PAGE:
Asian nations pledge fairer treatment of seafarers following maritime accidents

28 December 2018

The global fight for seafarers' rights received a boost last month as key Asian nations pledged to improve the way they deal with maritime accidents and incidents. ANDREW LININGTON reports…

High-level talks between 10 Asian countries have secured a 'crucial' agreement on regional action to enforce the global guidelines that aim to prevent seafarers from being criminalised after accidents.

The meeting in Manila – which was attended by representatives from some of the world's biggest seafarer supply nations – agreed a statement pledging increased cooperation to secure the 'proper and effective implementation' on the guidelines for the fair treatment of seafarers following maritime accidents and incidents.

Delegates from countries including China, India, Vietnam, Bangladesh, Myanmar and Indonesia agreed to work together to raise awareness of the guidelines and to develop resources, knowledge and expertise across the region to assist with their enforcement.

The Manila meeting was the first to be held after an international conference in 2017 recommended a programme of such events to encourage more countries to bring their national legislation into line with the fair treatment guidelines.

The initiative is being led by the London-based organisation Seafarers Rights International (SRI), which has highlighted the slow progress being made across the world to implement the guidelines since they were agreed by the International Maritime Organisation and the International Labour Organisation in 2006.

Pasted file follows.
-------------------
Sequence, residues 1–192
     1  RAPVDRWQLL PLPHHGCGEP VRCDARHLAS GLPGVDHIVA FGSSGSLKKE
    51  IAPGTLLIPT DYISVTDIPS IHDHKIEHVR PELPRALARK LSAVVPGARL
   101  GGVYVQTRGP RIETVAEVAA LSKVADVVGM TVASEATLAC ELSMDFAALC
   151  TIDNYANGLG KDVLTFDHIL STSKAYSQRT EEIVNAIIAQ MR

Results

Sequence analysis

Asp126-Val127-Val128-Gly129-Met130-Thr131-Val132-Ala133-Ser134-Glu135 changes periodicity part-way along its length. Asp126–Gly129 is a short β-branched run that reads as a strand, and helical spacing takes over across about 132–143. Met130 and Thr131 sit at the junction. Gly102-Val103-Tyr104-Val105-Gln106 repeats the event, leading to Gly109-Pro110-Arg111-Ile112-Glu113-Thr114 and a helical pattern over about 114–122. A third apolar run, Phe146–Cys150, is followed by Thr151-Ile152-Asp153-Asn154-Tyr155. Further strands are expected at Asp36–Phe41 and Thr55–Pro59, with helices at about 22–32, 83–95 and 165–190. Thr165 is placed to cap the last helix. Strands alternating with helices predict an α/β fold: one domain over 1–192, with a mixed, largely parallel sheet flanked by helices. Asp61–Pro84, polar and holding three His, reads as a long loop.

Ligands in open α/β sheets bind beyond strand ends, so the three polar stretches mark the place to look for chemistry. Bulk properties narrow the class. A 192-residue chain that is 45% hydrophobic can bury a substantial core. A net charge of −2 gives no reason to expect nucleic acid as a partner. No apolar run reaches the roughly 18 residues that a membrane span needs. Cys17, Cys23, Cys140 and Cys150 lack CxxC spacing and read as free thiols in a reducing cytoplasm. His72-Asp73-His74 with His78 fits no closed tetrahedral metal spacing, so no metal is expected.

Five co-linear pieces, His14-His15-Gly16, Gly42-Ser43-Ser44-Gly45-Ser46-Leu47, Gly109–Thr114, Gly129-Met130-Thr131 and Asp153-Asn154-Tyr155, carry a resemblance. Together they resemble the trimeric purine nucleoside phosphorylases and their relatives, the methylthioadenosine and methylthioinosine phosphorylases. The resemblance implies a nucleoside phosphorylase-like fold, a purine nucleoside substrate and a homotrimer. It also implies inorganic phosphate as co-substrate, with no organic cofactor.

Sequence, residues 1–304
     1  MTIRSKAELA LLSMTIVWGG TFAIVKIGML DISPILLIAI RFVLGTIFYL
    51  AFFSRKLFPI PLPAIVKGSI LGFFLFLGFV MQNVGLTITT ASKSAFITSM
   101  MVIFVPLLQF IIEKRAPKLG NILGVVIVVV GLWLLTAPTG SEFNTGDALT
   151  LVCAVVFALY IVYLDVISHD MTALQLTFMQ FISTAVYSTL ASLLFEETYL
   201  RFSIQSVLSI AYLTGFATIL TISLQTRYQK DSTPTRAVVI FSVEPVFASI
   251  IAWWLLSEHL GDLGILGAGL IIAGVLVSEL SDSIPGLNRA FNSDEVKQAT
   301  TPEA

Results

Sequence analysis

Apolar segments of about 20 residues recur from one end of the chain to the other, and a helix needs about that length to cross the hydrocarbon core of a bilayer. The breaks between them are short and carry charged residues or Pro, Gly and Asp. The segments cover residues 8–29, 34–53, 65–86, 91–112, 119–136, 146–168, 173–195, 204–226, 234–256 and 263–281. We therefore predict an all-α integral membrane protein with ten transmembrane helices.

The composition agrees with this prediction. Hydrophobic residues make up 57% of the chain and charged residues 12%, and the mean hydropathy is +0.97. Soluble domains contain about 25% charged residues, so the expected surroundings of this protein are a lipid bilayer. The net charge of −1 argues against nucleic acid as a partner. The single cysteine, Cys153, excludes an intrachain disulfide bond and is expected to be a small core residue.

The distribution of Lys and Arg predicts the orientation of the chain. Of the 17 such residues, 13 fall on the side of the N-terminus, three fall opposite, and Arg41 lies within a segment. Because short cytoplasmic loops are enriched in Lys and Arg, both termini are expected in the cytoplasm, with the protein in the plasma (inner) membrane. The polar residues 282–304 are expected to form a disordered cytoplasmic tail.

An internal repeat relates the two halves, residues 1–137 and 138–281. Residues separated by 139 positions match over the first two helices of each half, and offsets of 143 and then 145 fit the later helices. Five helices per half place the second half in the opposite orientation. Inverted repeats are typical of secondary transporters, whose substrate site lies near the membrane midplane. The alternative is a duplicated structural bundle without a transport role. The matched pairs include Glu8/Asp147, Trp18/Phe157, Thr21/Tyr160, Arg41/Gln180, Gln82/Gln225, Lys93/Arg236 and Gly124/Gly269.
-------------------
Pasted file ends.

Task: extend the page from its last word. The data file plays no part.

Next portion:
It comes as Nautilus International has highlighted continued member concerns over the threat of criminalisation, with a survey showing that 87% of maritime professionals are worried about the potential for being treated as a scapegoat after an accident and 70% saying that it affects their desire to work in the industry.

We must create an implementation plan to roll out the statement to ensure that every seafarer feels the benefits of what has been agreed here; that they receive fair treatment

Speaking at the Union’s UK branch symposium on criminalisation in October 2018, SRI executive director Deirdre Fitzpatrick said research had shown that just one-third of IMO member states had implemented the guidelines into their national legislation, one-third said they followed the guidelines and the remainder did nothing at all.

As well as prosecutions arising out of pollution, collisions, fatal accidents, shipwrecks and groundings, she said there are a growing number of cases involving allegations of bribery, breaches of customs and security rules, drug and fuel smuggling, human trafficking and illegal cargoes.

Ms Fitzpatrick welcomed the Manila agreement as a 'crucial step in the fight to raise awareness over the fair treatment of seafarers'. The decision by major Asian countries to back the guidelines is significant, she added, and should pave the way for other regions to follow suit.

International Transport Workers' Federation (ITF) general secretary Stephen Cotton attended the meeting and congratulated the Asian nations for the agreement.

Mr Cotton said the ITF is 'totally committed' to making the statement a success. 'Now the hard work begins,' he added. 'We must create an implementation plan to roll out the statement to ensure that every seafarer feels the benefits of what has been agreed here; that they receive fair treatment.'

Top image: pictured at the fair treatment meeting in Manila are Philippines employment minister Silvestre Bello, SRI executive director Deirdre Fitzpatrick, and ITF general secretary Stephen Cotton.